Today we didnâ€™t really know where we were going to end up. We started off going back through Warnambool, and passing a sign saying â€œWhale watching – June to September.â€ We both liked the sound of that, but didnâ€™t much like our chances, it being the very end of Sept. Nonetheless, we thought we would check out the beach for the heck of it. We actually went past the turn-off, but J being the lovely boy that he is hauled the truck around and off we went looking for the beach. I was trying very hard not to get my hopes up – I donâ€™t often have much luck at the best of times, and this is the end of Sept – so I was very, very impressed to see a whale!! And a calf!! !!!!! When I say â€˜seeâ€™, I mean of course â€˜caught a glimpse of its back and flipper, and the occasional spurt of waterâ€™. Most of the time it just looked like a shadow under the water; in fact, at first we both thought it was just kelp. It was so exciting to see. And quite funny, too: J and I have a running joke that on lots of our trips bush, I [jokingly] demand that he show me some animal Iâ€™ve never seen before. I think this really started when we went up to Mt Buffalo a few years ago; we passed all these lyrebird signs, so I told him I wanted to see one. On our last day there, there was a lyrebird basically making its nest in the carpark. J therefore claims never to have let me down – and the whale today backs him up.
Anyway, after that excitement, we headed down the Great Ocean Road. We stopped at the Bay of Islands – sea stacks, very nice; skipped the Bay of Martyrs; stopped at London Bridge (which, of course, has fallen down); skipped Loch Ard Gorge; then went to the Twelve Apostles. The last time I saw them, you could still park basically right next to them. But no longer: now, you park in this massive supermarket-like carpark; go through some â€˜Discovery Centreâ€™ thing (which I donâ€™t think had anything commercial, for which I am thankful), then under the road out to the lookouts. Come on people, theyâ€™re just sea stacks!! Quite pretty and impressive, but sea stacks nonetheless. And then there were these idiots who ignored the warnings about the crumbly cliffs and jumped the fenceâ€¦.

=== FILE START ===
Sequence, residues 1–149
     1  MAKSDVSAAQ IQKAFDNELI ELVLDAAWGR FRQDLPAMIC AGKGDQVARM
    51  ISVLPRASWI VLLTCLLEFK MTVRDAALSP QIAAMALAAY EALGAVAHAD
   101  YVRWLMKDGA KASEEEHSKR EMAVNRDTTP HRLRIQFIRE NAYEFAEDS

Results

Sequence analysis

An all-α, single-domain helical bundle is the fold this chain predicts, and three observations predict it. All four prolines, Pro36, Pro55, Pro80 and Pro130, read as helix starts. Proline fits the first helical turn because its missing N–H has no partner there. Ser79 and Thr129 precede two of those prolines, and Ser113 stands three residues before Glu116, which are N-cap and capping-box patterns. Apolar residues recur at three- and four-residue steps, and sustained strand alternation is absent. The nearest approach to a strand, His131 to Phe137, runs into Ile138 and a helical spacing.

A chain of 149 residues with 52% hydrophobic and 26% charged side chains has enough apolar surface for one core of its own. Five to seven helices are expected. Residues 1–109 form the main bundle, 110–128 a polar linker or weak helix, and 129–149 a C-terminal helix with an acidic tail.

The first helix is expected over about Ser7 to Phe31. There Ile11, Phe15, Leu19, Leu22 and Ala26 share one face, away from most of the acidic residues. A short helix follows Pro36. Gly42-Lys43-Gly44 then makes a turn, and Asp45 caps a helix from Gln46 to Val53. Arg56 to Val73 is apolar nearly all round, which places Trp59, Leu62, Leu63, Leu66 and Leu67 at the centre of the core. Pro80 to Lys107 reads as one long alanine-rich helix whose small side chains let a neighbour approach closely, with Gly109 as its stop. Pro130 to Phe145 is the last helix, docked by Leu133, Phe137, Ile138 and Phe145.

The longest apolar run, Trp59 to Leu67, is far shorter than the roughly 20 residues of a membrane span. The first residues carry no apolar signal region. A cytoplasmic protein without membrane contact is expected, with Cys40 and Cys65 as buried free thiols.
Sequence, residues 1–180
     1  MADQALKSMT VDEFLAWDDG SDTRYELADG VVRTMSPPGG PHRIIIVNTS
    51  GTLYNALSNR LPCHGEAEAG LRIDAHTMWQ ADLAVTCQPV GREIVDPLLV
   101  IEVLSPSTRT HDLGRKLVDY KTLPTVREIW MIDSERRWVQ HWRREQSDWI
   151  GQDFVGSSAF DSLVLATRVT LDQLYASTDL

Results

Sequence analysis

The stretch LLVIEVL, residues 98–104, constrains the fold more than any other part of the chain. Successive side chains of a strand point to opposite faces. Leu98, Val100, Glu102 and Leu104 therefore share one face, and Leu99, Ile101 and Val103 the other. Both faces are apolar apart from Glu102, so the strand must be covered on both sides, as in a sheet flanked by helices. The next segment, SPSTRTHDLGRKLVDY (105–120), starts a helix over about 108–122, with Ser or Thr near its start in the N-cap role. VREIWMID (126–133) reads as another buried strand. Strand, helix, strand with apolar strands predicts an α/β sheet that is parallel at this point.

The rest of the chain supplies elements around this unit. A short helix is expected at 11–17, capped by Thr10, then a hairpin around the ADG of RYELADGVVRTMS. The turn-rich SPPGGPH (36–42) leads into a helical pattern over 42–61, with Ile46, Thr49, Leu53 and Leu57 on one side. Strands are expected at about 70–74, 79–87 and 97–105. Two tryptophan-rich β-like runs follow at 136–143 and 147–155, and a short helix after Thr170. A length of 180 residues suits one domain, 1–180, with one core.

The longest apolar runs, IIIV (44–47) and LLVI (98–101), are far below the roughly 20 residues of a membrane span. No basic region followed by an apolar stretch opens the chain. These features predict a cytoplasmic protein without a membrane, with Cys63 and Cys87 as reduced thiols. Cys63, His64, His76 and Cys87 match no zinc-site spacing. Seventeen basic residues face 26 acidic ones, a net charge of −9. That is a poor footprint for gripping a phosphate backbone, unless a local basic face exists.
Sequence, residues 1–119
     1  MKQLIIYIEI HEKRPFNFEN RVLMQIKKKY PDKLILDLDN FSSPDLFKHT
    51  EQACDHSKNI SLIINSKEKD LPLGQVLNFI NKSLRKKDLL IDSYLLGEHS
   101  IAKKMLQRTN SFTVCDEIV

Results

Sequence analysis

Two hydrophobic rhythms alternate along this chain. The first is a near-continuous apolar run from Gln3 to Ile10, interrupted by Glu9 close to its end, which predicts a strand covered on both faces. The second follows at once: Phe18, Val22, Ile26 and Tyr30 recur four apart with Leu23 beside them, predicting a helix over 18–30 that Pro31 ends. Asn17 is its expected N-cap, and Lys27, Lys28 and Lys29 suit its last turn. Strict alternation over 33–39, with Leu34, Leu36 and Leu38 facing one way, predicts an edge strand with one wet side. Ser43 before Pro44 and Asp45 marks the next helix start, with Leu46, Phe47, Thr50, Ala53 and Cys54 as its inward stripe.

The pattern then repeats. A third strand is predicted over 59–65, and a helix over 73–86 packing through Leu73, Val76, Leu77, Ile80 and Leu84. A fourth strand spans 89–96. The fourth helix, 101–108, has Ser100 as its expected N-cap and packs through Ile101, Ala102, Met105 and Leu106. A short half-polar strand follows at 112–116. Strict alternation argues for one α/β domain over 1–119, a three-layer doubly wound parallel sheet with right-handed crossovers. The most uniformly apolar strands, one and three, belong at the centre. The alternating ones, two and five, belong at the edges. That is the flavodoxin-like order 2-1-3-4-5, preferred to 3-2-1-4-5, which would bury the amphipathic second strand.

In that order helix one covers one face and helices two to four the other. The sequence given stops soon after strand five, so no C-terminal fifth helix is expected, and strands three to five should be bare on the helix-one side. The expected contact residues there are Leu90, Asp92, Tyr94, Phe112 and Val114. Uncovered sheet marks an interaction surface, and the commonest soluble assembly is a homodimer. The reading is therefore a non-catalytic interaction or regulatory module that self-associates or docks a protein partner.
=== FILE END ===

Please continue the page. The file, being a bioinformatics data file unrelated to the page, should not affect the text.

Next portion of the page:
Next we drove up to Lavers Hill, then to Triplet Falls. It was nice enough – quite a pretty little walking track. From there we went down through the Otways, back to the coast, on quite a fun track (few too many potholes, and lots of curves that made me glad J was driving). We ended up at Blanket Bay, which we thought might be full but turns out isnâ€™t – getting there, though; Iâ€™m glad we arrived early-ish.
Well, it was a surprise that we ended up spending the first night in Port Fairy: that was because J, he-who-laughs at my geographical ineptness, managed to get us lost. I think he is blaming the instructions his dad gave us (we stayed the weekend in Ballarat first) – we were meant to be heading for Colac, but instead ended up going to Hamilton. So we decided that Port Fairy was a perfectly fine place to spend the first night.
So we drove to Port Fairy. Itâ€™s a lovely drive down there – all green and rolling – a bit like Gippsland really. We ended up in a caravan park at one end of the town which was half-closed; we had expected the town to be crawling with people, thanks to the holidays, but no. Which was very nice for us. We walked along the wharf, past the boats (another of Jâ€™s obsessions), and out to the lighthouse on Muttonbird Island (and saw one of my studentsâ€¦ she didnâ€™t recognise me, I think). We then walked back to the truck, and this is impressive because I was walking in my new Scarpas (thanks Mum!!), and they didnâ€™t hurt. Well, they didnâ€™t give me blisters; the left one hurt on the bridge of the foot, but this is a small price to pay for what I know will be the best shoes in the world once Iâ€™ve worn them in a bit.
We ended the day with fish n chips (incredibly average whiting, unfortunately, but it was made up for by the six battered scallops I got – after J only ordered twoâ€¦), and reading in the truck. Truly a lovely day.
And it was an adventure holiday because J insists that all holidays in the truck must be adventures. By default.
Another Brian Caswell story – the most recent, as far as I can tell. And the darkest one yet: teen pregnancy, abusive parents, violent boyfriends, prostitutionâ€¦. Again written from multiple first-person perspectives, some third-persons, and the occasional switch from past to present tense. The main characters are Cain, an average eighteen-year-old; his twin Chris, who has artistic talent coming out of his ears; TJ, a teen mother whoâ€™s escaped from an abusive boyfriend with her son, Tyson; and Abby, a sixteen-year-old prostitute who has run away from her sexually abusive stepfather.
Itâ€™s a very clever storyline; I really enjoyed reading it. J can vouch for that: I was reading it in the car, and he had to prod me to keep reading it because I was going on and on about it and trying to figure out what the resolution would be. I had guessed part of how it would work out, but not the whole lot, which is always a great way to end it I think.